A polyethylene-degraded polypropylene blend having a melt index of 12 at about 190° C. (ASTM D-1238) was prepared by blending 90% by weight of polyethylene [melt index of 13 dg/min at 190° C., density of 0.917 g/cc (ASTM D-1505)] and a melt index recovery of 70 with 10% by weight of peroxide degraded polypropylene having a 34 flow rate at 230° C. (ASTM D-1238). Melt index recovery is defined as the increase in the diameter of the extrudate over that of the orifice of the extrusion plastometer in ASTM Designation D1238-62T. The diameter of the specimen is measured in the area between 1/16 inch and 3/8 inch of the initial portion of the specimen as it emerges from the extrusion plastometer. Measurements are made by standard methods per ASTM Designation D-374.
This blend of materials was evaluated as follows: each component was fed to a 31/2-inch Egan extruder having a barrel length to diameter ratio of 24:1. The four zones of the extruder were maintained, from back to front, at 400° F., 500° F., 600° F., and 630° F. A metering type screw having six compression flights, and 12 metering flights were used. Prior to entering the die the melt passed through one screen of 24×24 mesh. The die was an Egan die, center-fed with 1-inch long lands, with an opening of 16"×0.020". The temperature of the die was held at 600° F. The extrusion rate was held constant at 160 pounds per hour. The resulting film extrudate was passed through a 41/2-inch air gap into the nip formed by a rubber-covered pressure roll and a chill roll. At the same time, 40 pound kraft paper stock 16 inches wide was fed into the nip with the pressure roll in contact with the foil. The nip pressure applied was 110 pounds per linear inch. The chill roll was a 24-inch diameter matte finish steel roll, water cooled to maintain a temperature of 60° F. on the roll. The coated paper was taken off the chill roll at a point 180° from the nip formed by the pressure roll and chill roll. The chill roll was operated at linear speeds of about 160 to greater than 700 feet per minute which is the accepted target range for commercial extrusion coatings. For example, at a coating speed of 700 feet per minute the paper stock had a coating of about 0.6 mils. The coating had an excellent adhesion to the paper stock. The heat seal range was broadened 12% from the heat seal range of the straight polyethylene coating . Essentially the same results are obtained when peroxide degraded crystalline propylene/ethylene copolymer is substituted in the above blend for the degraded polypropylene.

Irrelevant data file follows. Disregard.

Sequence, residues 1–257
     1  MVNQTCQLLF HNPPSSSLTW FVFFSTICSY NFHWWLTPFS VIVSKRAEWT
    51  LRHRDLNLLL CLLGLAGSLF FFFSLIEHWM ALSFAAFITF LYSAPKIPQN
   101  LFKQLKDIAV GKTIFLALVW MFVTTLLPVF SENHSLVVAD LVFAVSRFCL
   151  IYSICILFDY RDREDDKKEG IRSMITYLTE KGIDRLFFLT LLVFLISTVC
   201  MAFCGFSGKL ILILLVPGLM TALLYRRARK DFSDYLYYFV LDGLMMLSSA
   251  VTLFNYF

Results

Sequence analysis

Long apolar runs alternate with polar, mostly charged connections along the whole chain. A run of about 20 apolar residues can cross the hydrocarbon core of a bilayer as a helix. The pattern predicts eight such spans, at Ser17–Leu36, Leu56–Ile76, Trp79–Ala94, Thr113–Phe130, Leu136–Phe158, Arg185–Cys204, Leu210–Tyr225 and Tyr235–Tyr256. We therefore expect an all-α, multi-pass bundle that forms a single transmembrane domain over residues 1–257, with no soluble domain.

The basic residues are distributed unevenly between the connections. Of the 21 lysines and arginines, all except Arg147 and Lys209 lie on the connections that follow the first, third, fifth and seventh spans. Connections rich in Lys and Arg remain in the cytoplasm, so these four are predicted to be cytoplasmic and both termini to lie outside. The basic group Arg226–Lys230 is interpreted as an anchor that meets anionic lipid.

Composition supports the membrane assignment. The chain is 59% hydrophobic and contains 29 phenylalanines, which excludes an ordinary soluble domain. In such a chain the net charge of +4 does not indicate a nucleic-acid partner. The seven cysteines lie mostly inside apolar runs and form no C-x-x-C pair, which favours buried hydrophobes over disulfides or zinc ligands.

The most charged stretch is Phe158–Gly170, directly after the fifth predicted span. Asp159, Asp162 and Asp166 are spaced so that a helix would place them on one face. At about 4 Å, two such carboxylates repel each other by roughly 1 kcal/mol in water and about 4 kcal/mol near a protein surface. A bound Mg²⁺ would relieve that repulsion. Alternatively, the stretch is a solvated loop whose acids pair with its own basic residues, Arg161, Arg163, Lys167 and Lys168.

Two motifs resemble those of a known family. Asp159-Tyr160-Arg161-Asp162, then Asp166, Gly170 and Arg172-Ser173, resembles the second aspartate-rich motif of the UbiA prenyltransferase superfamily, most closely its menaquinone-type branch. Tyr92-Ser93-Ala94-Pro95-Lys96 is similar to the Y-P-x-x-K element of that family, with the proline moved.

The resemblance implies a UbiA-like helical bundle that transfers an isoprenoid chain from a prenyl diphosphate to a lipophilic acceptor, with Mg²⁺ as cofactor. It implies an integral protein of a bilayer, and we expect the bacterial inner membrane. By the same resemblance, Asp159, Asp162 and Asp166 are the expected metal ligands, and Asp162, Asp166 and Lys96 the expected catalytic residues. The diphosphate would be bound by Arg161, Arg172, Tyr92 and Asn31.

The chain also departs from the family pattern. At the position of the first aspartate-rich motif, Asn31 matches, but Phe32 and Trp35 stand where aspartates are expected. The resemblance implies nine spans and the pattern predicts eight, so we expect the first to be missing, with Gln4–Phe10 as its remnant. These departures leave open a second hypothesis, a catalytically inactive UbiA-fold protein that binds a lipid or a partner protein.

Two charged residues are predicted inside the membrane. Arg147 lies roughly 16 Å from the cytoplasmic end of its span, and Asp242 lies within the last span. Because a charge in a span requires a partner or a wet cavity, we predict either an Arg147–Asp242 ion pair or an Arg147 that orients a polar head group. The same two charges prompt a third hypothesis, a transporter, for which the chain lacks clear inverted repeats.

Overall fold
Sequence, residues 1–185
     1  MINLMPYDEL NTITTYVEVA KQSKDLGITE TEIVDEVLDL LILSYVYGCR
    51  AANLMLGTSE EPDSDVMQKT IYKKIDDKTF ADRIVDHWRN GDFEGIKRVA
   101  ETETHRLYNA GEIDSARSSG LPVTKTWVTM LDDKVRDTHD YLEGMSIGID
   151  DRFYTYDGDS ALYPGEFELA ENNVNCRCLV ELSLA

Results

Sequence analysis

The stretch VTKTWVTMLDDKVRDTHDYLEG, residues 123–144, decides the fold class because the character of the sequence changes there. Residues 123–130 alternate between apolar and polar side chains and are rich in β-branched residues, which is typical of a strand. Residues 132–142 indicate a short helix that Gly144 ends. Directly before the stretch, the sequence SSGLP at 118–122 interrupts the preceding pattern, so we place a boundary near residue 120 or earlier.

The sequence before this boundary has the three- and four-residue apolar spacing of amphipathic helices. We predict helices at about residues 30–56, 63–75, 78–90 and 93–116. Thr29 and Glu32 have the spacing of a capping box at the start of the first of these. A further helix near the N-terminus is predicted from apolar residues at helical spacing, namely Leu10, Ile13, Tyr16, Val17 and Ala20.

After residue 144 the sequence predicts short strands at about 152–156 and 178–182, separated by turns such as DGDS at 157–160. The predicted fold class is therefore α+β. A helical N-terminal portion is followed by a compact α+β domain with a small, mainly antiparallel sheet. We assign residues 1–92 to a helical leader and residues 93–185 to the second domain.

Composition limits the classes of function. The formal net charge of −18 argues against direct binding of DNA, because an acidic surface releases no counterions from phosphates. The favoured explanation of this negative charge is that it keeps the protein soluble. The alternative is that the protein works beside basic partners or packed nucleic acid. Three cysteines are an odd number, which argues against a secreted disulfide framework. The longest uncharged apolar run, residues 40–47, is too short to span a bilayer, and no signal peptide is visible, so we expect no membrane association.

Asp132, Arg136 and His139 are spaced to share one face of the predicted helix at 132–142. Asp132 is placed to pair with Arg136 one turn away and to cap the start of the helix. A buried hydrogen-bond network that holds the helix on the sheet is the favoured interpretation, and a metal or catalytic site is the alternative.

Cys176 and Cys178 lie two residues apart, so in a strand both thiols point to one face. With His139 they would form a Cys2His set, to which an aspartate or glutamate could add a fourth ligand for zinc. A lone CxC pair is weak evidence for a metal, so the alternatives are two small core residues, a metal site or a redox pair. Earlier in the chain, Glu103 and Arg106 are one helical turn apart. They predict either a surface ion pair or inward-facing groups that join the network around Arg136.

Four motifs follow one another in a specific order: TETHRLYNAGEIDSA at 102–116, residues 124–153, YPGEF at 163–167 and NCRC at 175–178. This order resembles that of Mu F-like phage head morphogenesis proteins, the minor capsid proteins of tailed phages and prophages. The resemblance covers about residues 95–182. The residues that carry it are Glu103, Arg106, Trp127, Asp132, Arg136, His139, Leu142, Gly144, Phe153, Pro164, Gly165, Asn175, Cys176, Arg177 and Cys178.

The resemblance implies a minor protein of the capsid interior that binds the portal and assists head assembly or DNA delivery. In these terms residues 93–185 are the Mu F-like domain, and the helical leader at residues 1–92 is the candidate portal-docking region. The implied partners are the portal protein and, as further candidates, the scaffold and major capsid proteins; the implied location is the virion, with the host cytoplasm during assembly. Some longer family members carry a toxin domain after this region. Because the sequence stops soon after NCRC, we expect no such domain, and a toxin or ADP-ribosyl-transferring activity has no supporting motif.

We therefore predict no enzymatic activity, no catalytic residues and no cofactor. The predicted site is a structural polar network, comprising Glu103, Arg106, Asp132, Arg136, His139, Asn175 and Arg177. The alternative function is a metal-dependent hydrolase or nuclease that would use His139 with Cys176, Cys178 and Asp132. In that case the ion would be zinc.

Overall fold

An extrusion coating composition was prepared and tested according to Example 1 except that 85% polyethylene, and 15% degraded crystalline polypropylene were used. The composition was extrusion coated satisfactorily. The heat seal range was increased 23% from the heat seal range of the straight polyethylene coating.